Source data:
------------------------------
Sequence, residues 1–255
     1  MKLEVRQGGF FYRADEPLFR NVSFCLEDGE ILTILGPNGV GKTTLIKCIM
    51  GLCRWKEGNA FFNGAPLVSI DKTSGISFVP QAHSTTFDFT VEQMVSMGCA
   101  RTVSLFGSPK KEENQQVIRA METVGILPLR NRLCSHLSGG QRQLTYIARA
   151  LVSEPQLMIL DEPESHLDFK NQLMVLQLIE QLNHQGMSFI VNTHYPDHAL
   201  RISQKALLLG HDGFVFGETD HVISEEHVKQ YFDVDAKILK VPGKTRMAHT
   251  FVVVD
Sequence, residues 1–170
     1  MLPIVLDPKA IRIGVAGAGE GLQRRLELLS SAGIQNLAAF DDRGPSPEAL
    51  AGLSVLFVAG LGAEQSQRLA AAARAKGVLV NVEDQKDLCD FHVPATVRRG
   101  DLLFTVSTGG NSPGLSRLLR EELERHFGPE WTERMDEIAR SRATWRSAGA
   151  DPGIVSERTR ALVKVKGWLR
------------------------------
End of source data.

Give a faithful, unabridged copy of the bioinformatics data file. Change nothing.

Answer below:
Sequence, residues 1–255
     1  MKLEVRQGGF FYRADEPLFR NVSFCLEDGE ILTILGPNGV GKTTLIKCIM
    51  GLCRWKEGNA FFNGAPLVSI DKTSGISFVP QAHSTTFDFT VEQMVSMGCA
   101  RTVSLFGSPK KEENQQVIRA METVGILPLR NRLCSHLSGG QRQLTYIARA
   151  LVSEPQLMIL DEPESHLDFK NQLMVLQLIE QLNHQGMSFI VNTHYPDHAL
   201  RISQKALLLG HDGFVFGETD HVISEEHVKQ YFDVDAKILK VPGKTRMAHT
   251  FVVVD
Sequence, residues 1–170
     1  MLPIVLDPKA IRIGVAGAGE GLQRRLELLS SAGIQNLAAF DDRGPSPEAL
    51  AGLSVLFVAG LGAEQSQRLA AAARAKGVLV NVEDQKDLCD FHVPATVRRG
   101  DLLFTVSTGG NSPGLSRLLR EELERHFGPE WTERMDEIAR SRATWRSAGA
   151  DPGIVSERTR ALVKVKGWLR